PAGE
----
India Intelligence Report

   Sri Lanka - The End Game of the Unending Conflict

Predictably, the so-called peace talks (a description that neither the Sri Lankan Government (SLG) nor the Liberation Tigers of Tamil Eelam (LTTE) are willing to accept) at Geneva, failed. - by Mr. S. Gopal

Predictably, the so-called peace talks (a description that neither the Sri Lankan Government (SLG) nor the Liberation Tigers of Tamil Eelam (LTTE) are willing to accept) at Geneva, failed. The SLG, in its euphoria of recent successes against the LTTE, has convinced itself that military solution would eventually work. They are brainwashed into this by its army (SLA) which, having tasted some LTTE blood, thinks that it is a matter of time before it would have LTTE for breakfast or lunch depending upon what they think is LTTE’s strength now.

The LTTE, unable to get out of its psyche to get independence from what they view as Sinhalese oppression of the Tamils, keeps blowing hot and cold, depending on its assessment of its strength. Right now it is feeling low, given the factional feud with eastern Tamils led by Karuna, and the drubbing it has taken from the SLA in recent encounters. It is thus understandable that it insists on opening of the A9 highway to Jaffna from the Sri Lankan mainland. It helped them to collect taxes and control the economy of the Jaffna Peninsula. For the very same reason, the SLG is unwilling to do so.

Meanwhile the proxy bleating continues from LTTE to the Government of India (GOI) through the LTTE front, the Tamil National Alliance (TNA), that the latter should take a hand in settling the conflict. Balasingham the LTTE “ideologue” added his bit telling India to forget Rajiv Gandhi’s assassination, with complete insensitivity and lack of understanding of India’s current power play where Sonia Gandhi (the widow of Rajiv Gandhi) is the major center of power.

Meanwhile, sphinx-like, India continues its policy of wait and watch, making some pious noises like many other countries do, that problem should be solved through negotiations. One would like to emphasize to the GOI that this problem is never going to be solved just by negotiations between the LTTE and the SLG. The latter is a prisoner to the views of Sinhala extremists like the JVP which are partners in the Government and the Buddhist clergy which has a strong hold on the average Sinhalese psyche. On the other hand the LTTE, which is either overtly or secretly admired by most of the Sri Lankan Tamils, does not see any future in life with a Sinhala-dominated Government. The solution therefore has to be through international intervention.

"Mr. S.Gopal retired from the Govt. of India as Special Secretary where he was dealing with strategic and security issues for more than three decades. He is currently settled in Bangalore and is an associate of the National Institute of Advanced Studies, Bangalore. He can be contacted at"

The international community looks up to India as the main actor. India has no option other than taking interest in the issue and finding a solution. It is not difficult to see India’s constraints and fears, having lost face in the ill-advised intervention through dispatch of Indian Peace Keeping Force (IPKF). As one Indian army officer put it long back, the Indian army was asked to fight with one hand tied behind the back. Armies are not trained to do that.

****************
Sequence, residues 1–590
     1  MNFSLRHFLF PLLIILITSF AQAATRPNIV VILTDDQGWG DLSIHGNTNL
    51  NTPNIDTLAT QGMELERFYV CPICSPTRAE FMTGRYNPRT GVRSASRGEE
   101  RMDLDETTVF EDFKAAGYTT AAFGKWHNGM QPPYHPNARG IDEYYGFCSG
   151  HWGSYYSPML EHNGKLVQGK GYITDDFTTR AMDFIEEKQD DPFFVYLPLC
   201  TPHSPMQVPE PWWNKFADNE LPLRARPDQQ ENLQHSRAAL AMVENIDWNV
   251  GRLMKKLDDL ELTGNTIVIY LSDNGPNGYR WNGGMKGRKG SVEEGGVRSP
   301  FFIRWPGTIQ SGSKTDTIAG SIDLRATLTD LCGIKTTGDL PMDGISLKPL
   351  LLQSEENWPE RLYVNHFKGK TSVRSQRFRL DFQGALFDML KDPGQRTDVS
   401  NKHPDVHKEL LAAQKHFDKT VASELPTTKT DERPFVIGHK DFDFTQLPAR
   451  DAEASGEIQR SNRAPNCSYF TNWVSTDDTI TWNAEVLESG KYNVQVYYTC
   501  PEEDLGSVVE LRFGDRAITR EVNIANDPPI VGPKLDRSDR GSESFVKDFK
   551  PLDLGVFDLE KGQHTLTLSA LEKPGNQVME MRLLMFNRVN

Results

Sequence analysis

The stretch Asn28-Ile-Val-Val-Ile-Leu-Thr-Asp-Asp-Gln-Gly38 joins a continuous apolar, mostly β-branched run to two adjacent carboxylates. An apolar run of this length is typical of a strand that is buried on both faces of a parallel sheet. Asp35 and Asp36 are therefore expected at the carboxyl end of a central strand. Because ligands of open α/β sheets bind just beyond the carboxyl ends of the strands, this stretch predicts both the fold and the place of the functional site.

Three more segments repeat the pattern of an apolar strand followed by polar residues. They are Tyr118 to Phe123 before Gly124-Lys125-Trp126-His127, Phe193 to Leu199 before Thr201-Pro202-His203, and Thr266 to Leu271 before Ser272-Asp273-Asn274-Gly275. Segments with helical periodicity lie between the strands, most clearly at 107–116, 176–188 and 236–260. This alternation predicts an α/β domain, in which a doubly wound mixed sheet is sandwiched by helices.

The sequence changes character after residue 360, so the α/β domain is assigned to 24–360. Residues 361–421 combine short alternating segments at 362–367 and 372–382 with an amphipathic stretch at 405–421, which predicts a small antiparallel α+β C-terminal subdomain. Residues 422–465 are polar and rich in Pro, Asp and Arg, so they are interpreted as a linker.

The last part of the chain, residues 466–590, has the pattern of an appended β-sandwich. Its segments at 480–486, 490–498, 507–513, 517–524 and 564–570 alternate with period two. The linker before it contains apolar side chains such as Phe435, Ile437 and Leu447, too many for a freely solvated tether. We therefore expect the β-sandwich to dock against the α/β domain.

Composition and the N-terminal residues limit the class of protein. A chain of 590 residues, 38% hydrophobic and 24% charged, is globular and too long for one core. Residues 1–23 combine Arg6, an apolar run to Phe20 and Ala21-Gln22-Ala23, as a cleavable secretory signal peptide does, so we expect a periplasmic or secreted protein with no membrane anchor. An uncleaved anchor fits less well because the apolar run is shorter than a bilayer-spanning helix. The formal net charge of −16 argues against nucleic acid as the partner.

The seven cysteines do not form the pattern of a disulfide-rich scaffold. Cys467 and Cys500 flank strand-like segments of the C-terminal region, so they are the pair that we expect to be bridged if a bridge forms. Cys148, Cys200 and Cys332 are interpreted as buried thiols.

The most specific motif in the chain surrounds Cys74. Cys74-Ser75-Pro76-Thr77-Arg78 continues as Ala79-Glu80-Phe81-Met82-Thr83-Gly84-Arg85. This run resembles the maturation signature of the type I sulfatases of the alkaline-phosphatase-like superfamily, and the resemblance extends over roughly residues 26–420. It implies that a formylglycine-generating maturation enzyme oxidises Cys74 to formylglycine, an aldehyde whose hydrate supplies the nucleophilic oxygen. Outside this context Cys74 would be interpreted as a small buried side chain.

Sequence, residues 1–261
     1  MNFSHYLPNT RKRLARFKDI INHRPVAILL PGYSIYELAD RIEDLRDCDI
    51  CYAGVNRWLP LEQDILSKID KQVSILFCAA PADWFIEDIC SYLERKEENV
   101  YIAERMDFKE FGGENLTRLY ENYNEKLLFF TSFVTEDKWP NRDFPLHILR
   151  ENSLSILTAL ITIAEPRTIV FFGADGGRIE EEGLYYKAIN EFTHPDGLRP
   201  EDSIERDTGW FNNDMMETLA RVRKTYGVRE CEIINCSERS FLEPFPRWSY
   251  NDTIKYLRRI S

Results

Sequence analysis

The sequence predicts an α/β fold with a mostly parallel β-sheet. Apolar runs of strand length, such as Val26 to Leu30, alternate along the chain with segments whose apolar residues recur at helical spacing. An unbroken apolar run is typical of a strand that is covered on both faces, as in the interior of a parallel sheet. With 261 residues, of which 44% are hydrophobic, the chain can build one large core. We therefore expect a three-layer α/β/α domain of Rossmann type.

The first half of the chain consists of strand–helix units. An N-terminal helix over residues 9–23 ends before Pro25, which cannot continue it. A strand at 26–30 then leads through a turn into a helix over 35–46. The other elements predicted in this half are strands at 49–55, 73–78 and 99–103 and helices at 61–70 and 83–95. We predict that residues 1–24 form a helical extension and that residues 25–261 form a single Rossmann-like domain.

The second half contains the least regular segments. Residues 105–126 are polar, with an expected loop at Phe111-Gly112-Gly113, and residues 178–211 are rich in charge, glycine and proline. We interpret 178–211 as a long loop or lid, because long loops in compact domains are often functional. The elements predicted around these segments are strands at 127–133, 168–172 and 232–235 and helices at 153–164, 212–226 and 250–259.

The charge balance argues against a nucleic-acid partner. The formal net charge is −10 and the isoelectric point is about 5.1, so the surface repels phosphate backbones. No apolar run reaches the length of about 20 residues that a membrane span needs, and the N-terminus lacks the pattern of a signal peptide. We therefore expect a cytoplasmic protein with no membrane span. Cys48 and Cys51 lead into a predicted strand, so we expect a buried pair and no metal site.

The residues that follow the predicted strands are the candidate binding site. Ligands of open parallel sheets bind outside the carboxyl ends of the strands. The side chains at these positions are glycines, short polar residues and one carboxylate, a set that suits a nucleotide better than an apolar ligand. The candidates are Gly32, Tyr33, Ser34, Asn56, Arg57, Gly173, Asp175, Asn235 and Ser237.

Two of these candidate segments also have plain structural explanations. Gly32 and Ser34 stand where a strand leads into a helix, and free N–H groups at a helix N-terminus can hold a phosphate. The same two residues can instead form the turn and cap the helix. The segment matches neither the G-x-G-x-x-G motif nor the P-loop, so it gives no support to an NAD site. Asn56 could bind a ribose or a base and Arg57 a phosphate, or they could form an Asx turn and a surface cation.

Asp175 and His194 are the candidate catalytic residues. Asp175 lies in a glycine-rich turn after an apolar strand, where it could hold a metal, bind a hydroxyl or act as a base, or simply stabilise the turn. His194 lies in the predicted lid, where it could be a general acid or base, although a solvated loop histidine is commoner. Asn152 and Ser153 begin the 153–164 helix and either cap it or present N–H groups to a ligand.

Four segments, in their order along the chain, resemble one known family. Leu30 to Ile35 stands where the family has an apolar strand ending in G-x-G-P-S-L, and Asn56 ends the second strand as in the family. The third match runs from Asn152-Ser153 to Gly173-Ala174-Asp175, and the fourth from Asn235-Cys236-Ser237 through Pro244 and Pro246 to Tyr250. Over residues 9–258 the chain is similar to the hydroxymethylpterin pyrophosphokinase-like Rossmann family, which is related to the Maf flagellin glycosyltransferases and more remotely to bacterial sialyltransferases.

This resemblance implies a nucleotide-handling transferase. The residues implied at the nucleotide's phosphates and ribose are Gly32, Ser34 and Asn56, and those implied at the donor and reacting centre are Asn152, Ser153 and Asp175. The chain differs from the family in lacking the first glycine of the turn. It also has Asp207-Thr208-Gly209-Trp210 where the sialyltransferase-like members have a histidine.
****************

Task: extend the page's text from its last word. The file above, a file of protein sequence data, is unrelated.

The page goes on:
It is obvious that time is not on the side of the LTTE. With practically whole world calling them terrorists, with finance from abroad drying up and SLG getting help from Israeli and Pakistani sources, military balance is not in favor of the LTTE. Given the current trends in the conflict it is not difficult to envisage a day without Prabakaran. The SLG and army are waiting for that day, continuing meanwhile its war against the LTTE. They will of course keep making internationally acceptable statements about how keen they are to find a peaceful solution through negotiations.

That raises the question of what after Prabakaran. Many Sri Lankan Tamils assert that there is a strong second line leadership after Prabakaran. It is however difficult to see an equally charismatic leader for the Tamils. National liberation and radical movements require a charismatic personality to lead them.

What will happen after Prabakaran is easy to guess. A dispirited Tamil community would seek security for their life and limbs from Sinhala wrath by migrating to India. Atrocities on Tamil from Sinhala extremists cannot be ruled out. India would then be forced to act with the rising pressure from Tamil Nadu. It would be far better to take things in hand now and hammer out a political solution to save life and property. LTTE seems to realize its predicament and is apparently willing to settle short of an independent Eelam. Though the devil is in the details, it should be possible to overcome the devil. An autonomous and unified Northern and Eastern province with due guarantees for Muslims in this area is the need of the hour. The LTTE could be nudged into accepting it by choking its finances and military supplies. The question of culpability of Prabakaran in the dastardly assassination of Rajiv Gandhi could be taken up after this.

It goes without saying that India would have to stand guarantor for implementation of any agreement. International acceptance of such a role for India does not seem to be an issue.

All in all, the time has come for GOI to act. And, act fast.